The release of the Summary of Main Decisions from the Federation Equestre Internationale’s general assembly on Nov. 8 created quite a stir, especially in the eventing, combined driving and dressage communities. The Chronicle’s Eventing forum hosted a thread with lengthy discussion about one particular change to the General Regulations.
In a section headed “Series and events not affiliated to the FEI,” the regulations stipulated that:
“The number of series per discipline and per category will be limited in order to have a well structured calendar, to avoid date clashes and to manage athlete horse power properly to protect the welfare of the horse. As a related point, the number of competitions that count for a series will be limited in order to guarantee an open market and to avoid closed shops. Athletes and officials will no longer be permitted to participate in both sanctioned and unsanctioned events. If an athlete, horse or an FEI official participates in a non-sanctioned event, such person or horse will be prohibited from participating in any sanctioned events, both international and national, for a period of six months thereafter. An unsanctioned event is an event that is not on the FEI calendar and is not authorized by a National Federation.”
The face-value interpretation of the rule indicates that FEI-level riders are not allowed to compete at local, unrecognized schooling shows or any show series that’s not affiliated with the national federation. (Some examples might be an unrecognized horse trials or a schooling show, any competition not affiliated with the U.S. Equestrian Federation.)
On Nov. 20, Lisa Lazarus, the FEI’s General Counsel, released a clarification of the ruling which seems to alleviate the worry that it would prevent FEI-level riders from competing in local schooling shows. It further defines the “unsanctioned events” as those that are on an international or national scale rather than local. The clarification also seems to put the onus on the national federation to decide what might constitute an offense of the rule.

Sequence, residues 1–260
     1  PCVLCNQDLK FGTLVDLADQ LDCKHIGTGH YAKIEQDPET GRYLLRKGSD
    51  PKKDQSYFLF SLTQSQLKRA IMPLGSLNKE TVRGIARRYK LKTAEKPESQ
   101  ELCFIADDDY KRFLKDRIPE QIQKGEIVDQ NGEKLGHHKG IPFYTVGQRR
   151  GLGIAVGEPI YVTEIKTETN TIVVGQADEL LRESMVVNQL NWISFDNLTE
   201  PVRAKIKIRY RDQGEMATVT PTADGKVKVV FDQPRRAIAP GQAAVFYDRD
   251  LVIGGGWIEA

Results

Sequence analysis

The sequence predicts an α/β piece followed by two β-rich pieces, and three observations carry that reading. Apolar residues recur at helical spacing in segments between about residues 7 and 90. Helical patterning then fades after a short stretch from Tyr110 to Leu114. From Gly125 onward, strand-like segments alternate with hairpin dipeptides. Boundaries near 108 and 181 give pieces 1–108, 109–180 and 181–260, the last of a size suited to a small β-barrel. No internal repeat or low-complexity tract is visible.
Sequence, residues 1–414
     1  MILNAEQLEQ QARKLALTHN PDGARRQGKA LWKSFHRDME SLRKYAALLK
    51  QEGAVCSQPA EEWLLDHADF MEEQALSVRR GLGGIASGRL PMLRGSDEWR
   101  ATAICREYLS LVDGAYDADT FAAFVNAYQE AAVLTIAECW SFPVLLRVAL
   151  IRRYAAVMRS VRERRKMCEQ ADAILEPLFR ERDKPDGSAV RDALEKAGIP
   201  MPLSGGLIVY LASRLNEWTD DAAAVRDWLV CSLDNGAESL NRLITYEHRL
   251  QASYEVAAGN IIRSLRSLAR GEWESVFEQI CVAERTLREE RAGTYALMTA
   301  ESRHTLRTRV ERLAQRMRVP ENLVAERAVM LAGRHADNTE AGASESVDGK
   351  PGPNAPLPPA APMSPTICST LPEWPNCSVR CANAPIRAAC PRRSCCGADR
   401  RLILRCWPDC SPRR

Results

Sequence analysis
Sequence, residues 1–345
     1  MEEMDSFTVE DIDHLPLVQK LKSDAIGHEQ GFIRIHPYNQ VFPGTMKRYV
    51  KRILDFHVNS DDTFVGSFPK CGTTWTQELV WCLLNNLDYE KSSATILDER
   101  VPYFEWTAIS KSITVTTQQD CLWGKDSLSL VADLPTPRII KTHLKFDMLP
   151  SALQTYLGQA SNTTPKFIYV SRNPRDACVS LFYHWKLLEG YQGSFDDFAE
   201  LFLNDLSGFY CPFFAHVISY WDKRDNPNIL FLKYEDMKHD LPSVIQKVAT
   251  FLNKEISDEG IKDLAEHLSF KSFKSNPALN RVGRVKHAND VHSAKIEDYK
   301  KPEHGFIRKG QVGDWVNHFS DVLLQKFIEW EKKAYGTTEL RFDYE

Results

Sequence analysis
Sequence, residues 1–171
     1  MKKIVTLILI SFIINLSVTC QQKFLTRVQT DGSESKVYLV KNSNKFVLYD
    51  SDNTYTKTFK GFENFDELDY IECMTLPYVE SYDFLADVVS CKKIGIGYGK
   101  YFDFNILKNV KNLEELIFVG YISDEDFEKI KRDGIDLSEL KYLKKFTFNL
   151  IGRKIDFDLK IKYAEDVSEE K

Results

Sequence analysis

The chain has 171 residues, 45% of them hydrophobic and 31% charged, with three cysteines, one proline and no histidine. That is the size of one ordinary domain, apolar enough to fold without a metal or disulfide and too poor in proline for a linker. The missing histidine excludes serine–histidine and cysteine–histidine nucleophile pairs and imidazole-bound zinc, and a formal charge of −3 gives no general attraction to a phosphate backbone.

Lazarus’ statement reads:
“The new rule on participation in unsanctioned events applies only to events and/or competitions that are not in the FEI calendar (i.e. international events not approved by the FEI) and national events that are not authorized by the National Federation.
“Unsanctioned events are not subject to FEI regulations, and their organizers and participants are not accountable to the FEI for compliance with these regulations. As a result, the FEI has no way of safeguarding the welfare of horses and athletes participating in such events, or of protecting the integrity of the events. The same may be true at the national level if a national event is conducted outside national rules and with the express objection of the National Federation.
“The newly introduced rule states that an athlete, horse or official will be ineligible to participate in a sanctioned international or national event if they have participated in an unsanctioned event in the previous six months.
“Local events do not come within the scope of this rule so long as the National Federation does not expressly object to them. The FEI will rely on the National Federations to bring any national or local events that they have concerns about to the FEI’s attention.”
John Madden, the chair of the FEI Jumping Committee, elaborated on the clarification. “It’s not to stop [grand prix show jumper] Beezie Madden from doing charity things or a four-star event rider from taking a green horse to a local schooling event or a dressage rider from going a lower level event,” Madden said. “What the intent of that is to prevent someone starting a series in which they make their own rules and in a sense force riders to do things within that series that are contrary to FEI rules.
“If you have an FEI-sanctioned series, that means that the people running the series are working together with the FEI and are abiding by the rules and regulations, such as horse welfare and medication control, that are important. If you had a renegade series that was trying to impose things upon riders that were contrary to the good sporting conduct that the FEI supports, that would be a problem," he continued.